With the injuries that have been seen in the War, I understand that such care has gotten a lot better, by the way. I'm not saying that my doctors weren't trying, but they were constrained by the facilities and treatments that were available for them to treat me. There was a limited amount of doctors to go around, and a lot of soldiers who needed treatment. So they went by formulas to treat us. Gastro-intestinal distress? Here's some Immodium and Pepto. Hurt leg/knee/arm/ribs? Here's some Motrin. Cancer? Can't treat you. We'll put you on a bus for a 4 hour ride to a bigger base to get chemo. Take an emesis basin to throw up in for the ride home.

If you had something chronic, like bad knees or back due to all of the running/jumping/lifting/whatever, you were pretty much SOL. If you could get someone to care beyond the "take 8 Motrin and come back when you need more" treatment, you waited for months to see an actual orthopedist. If the ortho thought you needed surgery, you waited even more for a slot to open up to get it. Which meant that you waited months and months to get what I got in 3 weeks when I hurt my back in the civilian world.

If you were really screwed up, you got put out of the Army with a promise of care in the VA system. My brother got well and truly screwed up by military medicine, and has been fighting with the VA for years to get something resembling good ongoing treatment for his condition. The problems above exist, but are compounded by poor funding and the need to treat not only the young and broken, but the old and broken too.

Where am I going with this? Nationalized health care will bring all of these ills to the masses. I have arthritis. For that arthritis there are several options for treatment. They range from the moderately effective and cheap to the extremely effective but expensive. I started out with the cheap, and when it either didn't work or caused problems that were even worse than the arthritis, my doctor and I were able to move into the effective but expensive range. The only limitations were the coverage my insurance company provided and my finances for paying my share. If health care was socialized, most of those options and all of the flexibility would be gone. Some bureaucrat would decide which treatments for my condition could be done, and how much of that treatment could be administered.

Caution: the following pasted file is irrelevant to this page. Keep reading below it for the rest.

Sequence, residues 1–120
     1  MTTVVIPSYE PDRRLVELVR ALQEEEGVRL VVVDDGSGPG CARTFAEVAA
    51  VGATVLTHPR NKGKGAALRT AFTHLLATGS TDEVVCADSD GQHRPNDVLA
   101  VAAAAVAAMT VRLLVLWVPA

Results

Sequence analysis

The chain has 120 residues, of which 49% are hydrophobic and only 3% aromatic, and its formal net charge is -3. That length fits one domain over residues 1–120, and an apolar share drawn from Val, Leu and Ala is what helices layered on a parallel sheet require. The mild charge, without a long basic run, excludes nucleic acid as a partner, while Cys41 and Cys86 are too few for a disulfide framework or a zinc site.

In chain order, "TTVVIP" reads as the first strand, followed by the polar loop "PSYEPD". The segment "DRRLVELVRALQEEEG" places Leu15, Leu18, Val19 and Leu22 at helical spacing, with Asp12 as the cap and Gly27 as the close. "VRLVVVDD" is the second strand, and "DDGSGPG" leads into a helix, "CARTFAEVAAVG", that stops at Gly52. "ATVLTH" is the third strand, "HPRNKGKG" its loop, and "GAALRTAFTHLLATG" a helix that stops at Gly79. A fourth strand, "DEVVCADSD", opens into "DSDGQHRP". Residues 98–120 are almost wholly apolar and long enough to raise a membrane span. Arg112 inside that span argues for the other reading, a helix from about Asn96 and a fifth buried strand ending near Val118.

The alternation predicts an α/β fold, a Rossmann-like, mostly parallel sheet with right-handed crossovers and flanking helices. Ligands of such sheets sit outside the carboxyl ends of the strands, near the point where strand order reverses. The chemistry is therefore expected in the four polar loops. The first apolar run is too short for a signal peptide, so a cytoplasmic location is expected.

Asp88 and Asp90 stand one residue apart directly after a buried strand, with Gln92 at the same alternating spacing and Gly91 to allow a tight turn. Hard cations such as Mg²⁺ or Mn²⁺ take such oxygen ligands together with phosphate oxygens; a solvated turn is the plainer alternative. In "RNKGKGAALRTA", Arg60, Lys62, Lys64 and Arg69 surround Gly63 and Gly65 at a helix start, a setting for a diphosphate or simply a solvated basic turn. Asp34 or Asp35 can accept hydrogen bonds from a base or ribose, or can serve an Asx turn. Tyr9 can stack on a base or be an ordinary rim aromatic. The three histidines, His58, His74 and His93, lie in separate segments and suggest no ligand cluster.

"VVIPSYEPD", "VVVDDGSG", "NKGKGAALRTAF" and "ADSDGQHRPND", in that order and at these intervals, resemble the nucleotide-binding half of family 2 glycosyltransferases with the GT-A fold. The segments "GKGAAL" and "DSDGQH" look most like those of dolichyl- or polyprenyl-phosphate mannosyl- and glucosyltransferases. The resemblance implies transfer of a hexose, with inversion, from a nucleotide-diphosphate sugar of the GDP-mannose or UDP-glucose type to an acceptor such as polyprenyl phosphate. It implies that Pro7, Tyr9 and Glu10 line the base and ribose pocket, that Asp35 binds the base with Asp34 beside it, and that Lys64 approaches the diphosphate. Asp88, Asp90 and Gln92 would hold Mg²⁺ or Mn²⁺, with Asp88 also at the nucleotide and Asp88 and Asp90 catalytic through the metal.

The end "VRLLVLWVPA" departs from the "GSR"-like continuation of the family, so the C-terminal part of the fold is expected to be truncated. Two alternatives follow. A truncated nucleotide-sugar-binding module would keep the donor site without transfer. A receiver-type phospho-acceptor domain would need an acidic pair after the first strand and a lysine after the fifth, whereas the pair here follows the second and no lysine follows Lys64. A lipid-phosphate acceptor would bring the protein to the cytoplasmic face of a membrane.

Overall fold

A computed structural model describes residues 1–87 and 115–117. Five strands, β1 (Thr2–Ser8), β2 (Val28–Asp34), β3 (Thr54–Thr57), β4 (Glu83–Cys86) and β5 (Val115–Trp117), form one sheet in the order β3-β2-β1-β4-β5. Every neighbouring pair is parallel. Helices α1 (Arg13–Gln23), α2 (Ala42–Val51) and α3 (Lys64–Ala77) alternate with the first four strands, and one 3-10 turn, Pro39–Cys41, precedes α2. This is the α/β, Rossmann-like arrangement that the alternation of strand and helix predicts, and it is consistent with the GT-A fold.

When I started treatment, I moved like an elderly man. Now, I'm almost human. (then again, I was never fully human. 3rd generation to walk upright and all that) If my health care had been supervised by someone other than my doctor, I truly believe that I would be unable to enjoy my life as I do today, and I would probably be using a cane to get around.

I'm going to work against socialized health care in our country as much as I can, and I urge each and every one of you to do the same.

If you have your own story to tell, please leave it in the comments.

1 comment:

Inspector Clouseau said...

We have a tendency in America to argue for or against a concept based on our own personal philosophy or view of the world, what advances our personal interests, or the interests of our party, family, organization, or region. Perhaps viewing the issue from a management or systemic perspective might result in innovative approaches to the issue. The American national mindset, citizen philosophy, lack of citizen motivation to be proactively healthy, and governance model make the socialization of health care in America very problematic, particularly at this point in time. A country needs to know its limitations.